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10 Essential Strength Books Part 7: Strength Training Anatomy

You have to know this stuff

You have to know this stuff

One of the worst things you can do is go through life not knowing how your body works.  You can’t get away from this fleshy vehicle that lugs your brain around everywhere, so why not become more familiar with it?  I can name a few reasons, the main one being that anatomy textbooks are not fun to leaf through.  The words are big and smart-sounding, and the nude people in the pictures are all skinned.

However, I should say that from what I’ve experienced, reading 1248 pages of Gray’s Anatomy is far superior to watching 10 seconds of Grey’s Anatomy. There is less angst and fewer overwrought voiceovers.  My experience is limited with the show, so maybe one day I’ll learn that I’m wrong and give it a chance.  I’ll be happy to do so…at gunpoint…if you can catch me.  Good luck with that, by the way.  I’m really fast.

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Knowing the names of everything doesn’t necessarily mean that you can visualize what your acromion or glenohumeral joint are doing while you’re bicep-curling 45 lbs.  It’s not enough to memorize the names.  That’s how you pass a test.  It’s not how you get stronger and smarter.

The people in Strength Training Anatomy (2nd Edition) by Frederic Delavier are skinned and the words are big, but this book is a gem and a necessity for anyone wanting to train with weights.

The pictures–and it’s 99% pictures–are large, colorful, and best of all, they’re pictures of skinned people doing the actual exercises you are interested.  No, there are not any kettlebell pictures, but I’m sure that will be forthcoming in later editions, hint to Delavier.

If you want to know what is happening inside your body when you do a deadlift, Strength Training Anatomy shows you exactly what is happening to your muscles and skeletal structure when you’re pulling a big weight.  Ditto with curls, cleans, those little eensy weensy tricep exercises too many people are in love with, and so on.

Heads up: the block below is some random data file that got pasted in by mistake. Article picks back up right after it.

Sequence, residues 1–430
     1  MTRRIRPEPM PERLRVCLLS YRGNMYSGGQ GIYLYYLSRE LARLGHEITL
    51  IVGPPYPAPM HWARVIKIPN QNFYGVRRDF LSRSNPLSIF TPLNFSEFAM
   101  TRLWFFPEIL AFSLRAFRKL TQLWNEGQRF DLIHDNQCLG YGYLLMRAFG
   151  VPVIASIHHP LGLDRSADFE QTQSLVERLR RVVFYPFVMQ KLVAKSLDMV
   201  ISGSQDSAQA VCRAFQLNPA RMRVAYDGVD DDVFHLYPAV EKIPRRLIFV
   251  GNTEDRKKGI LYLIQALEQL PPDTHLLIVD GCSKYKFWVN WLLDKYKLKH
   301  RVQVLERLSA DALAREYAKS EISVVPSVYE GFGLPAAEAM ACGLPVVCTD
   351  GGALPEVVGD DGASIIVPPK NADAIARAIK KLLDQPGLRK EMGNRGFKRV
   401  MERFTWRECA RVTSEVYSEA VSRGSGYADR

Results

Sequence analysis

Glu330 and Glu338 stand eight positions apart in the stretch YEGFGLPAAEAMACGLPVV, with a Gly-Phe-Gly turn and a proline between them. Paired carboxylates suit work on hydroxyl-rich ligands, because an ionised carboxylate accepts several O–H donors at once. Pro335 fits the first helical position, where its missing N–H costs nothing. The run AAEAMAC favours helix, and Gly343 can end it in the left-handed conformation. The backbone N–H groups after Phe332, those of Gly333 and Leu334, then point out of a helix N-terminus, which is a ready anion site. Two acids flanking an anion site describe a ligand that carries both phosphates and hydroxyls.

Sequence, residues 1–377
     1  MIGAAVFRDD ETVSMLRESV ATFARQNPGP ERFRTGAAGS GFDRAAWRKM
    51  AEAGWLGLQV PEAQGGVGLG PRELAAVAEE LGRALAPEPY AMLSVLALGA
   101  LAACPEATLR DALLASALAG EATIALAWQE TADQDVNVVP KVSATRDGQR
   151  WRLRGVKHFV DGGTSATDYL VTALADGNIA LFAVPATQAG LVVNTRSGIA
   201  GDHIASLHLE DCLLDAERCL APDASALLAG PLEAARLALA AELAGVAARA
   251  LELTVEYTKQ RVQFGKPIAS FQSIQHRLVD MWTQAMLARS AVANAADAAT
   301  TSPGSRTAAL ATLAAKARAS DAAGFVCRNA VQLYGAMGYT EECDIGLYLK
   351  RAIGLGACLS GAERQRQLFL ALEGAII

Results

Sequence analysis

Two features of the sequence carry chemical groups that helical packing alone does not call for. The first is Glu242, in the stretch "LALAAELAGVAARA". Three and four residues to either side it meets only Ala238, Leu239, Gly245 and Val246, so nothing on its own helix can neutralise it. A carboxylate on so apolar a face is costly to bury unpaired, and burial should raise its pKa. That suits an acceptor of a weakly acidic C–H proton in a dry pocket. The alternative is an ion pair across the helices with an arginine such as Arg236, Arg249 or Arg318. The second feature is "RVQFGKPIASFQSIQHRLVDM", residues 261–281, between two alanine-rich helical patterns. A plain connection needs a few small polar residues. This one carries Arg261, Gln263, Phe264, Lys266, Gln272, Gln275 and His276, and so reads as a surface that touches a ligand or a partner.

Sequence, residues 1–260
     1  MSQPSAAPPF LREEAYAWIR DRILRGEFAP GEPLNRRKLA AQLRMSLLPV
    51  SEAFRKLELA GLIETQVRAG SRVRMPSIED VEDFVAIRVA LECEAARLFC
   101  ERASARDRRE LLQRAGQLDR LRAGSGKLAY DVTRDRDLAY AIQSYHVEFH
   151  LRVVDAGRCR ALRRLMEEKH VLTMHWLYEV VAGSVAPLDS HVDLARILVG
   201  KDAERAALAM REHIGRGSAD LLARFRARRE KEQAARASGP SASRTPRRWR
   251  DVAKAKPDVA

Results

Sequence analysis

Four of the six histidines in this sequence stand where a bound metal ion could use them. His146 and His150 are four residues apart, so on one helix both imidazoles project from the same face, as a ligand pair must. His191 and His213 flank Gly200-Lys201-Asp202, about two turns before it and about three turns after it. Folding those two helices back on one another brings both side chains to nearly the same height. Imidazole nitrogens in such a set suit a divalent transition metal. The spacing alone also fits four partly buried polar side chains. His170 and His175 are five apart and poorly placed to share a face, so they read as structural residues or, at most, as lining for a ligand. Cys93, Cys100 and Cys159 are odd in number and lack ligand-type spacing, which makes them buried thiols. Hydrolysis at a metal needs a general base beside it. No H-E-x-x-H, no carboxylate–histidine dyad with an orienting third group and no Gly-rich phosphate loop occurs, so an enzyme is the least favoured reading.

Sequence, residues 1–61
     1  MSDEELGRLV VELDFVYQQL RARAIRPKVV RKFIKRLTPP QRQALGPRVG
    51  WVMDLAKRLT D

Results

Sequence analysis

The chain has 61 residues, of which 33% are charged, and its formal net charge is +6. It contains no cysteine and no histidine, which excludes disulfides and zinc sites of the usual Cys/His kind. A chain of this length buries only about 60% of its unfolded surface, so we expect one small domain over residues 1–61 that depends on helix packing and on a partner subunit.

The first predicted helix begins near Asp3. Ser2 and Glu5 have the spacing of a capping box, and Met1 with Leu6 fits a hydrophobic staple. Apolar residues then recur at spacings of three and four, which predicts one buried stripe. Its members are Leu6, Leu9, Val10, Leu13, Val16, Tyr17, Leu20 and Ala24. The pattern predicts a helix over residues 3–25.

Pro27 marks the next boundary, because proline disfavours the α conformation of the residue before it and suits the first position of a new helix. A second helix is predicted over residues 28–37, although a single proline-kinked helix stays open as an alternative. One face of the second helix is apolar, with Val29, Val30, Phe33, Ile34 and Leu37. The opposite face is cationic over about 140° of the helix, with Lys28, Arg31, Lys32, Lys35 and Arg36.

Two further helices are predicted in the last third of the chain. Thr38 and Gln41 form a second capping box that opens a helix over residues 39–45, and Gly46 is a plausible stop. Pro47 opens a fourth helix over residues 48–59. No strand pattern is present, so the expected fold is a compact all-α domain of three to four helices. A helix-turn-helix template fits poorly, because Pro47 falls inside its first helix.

Knowing what’s happening inside you means you can:

  • Diagnose the source of pain with greater accuracy
  • Learn if you are using the muscles you should be for the movements you’re performing.  If you know that the triceps pull downwards during a biceps curl thanks to the book, but you’re not feeling them during your curls, then you know that you’re doing your version of the movement, not the correct one
  • Understand that the body is one unit and must be strengthened as such.  From head to toe, you’re a big chain.  When one part breaks down, everything suffers.  You’re going to figure out how to locate the breakdowns and slow-learners by learning some anatomy

To summarize

  • 99% pictures
  • Big pictures!
  • Nice colors
  • Information you can’t afford to ignore if you’re serious about training
  • Turn off Grey’s Anatomy, preferably with a sledge hammer.  Go do something more fun, like getting 100 root canals or reading Twilight (Heaven forgive me, I said it…)

Strength Training Anatomy will make you stronger and smarter in 144 pages.  And then you’ll look Mcdreamy like a certain doctor my wife, sisters, and mother would all leave their husbands for.

Maybe I’m just jealous.  You should still read this book.

Josh

This is Part 7 in a series.  Read Part 1, Part 2, Part 3, Part 4, Part 5, Part 6


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Comments on this entry are closed.

  • Casey July 27, 2009, 7:46 am

    It amazes me how many people want to maximize their results and minimze their knowledge. People will ask me a question about weight loss and when I try to explain the mechanics behind building muscle their eyes just glaze over… Maybe i should try looking like McDreamy… That might hold their attention!

    But seriously, its like trying to work on a car without any knowledge of how an engine works!

    So Josh, when do we want to go to hell?

    • Josh Hanagarne July 27, 2009, 9:13 am

      Casey, I sent you an email about hell. i have to admit, I’m similar to some of your clients. I learn this stuff, but I don’t love to read about physiology. But if I was paying you to teach me about it, you better believe I’d pay attention.

  • Sarah July 27, 2009, 8:01 am

    Using Delavier’s “Women’s Strength Training Anatomy” really helped me improve some of my basic lifts, as well as gain a better understanding of human anatomy. I consider the book almost a work of art.

    • Josh Hanagarne July 27, 2009, 9:12 am

      Sarah, tell me what I really want to know: do you watch Grey’s Anatomy?

  • David Cain July 27, 2009, 9:39 am

    I have that book and love it. Since I started with kettlebells I haven’t done many of the exercises in it, but the detailed (and a bit gruesome) anatomical pictures are priceless.

  • Liz July 28, 2009, 1:41 pm

    Just wanted to add that I don’t recommend the women’s version. It’s essentially a sub-set of the original, focusing mostly on lower body only.

    The original has more comprehensive information, and still uses pictures of women for the majority of the lower body exercises.

    I suppose my one complaint is that many of the exercises demonstrated were done with machines, whereas I prefer to use free weights and dumbbells. Still, I found the book helpful.

    Good recommendation, Josh!

    • Josh Hanagarne July 28, 2009, 1:53 pm

      @Liz. Interesting! I had no idea there was a women’s version, and I totally support your preference of free weights over machines.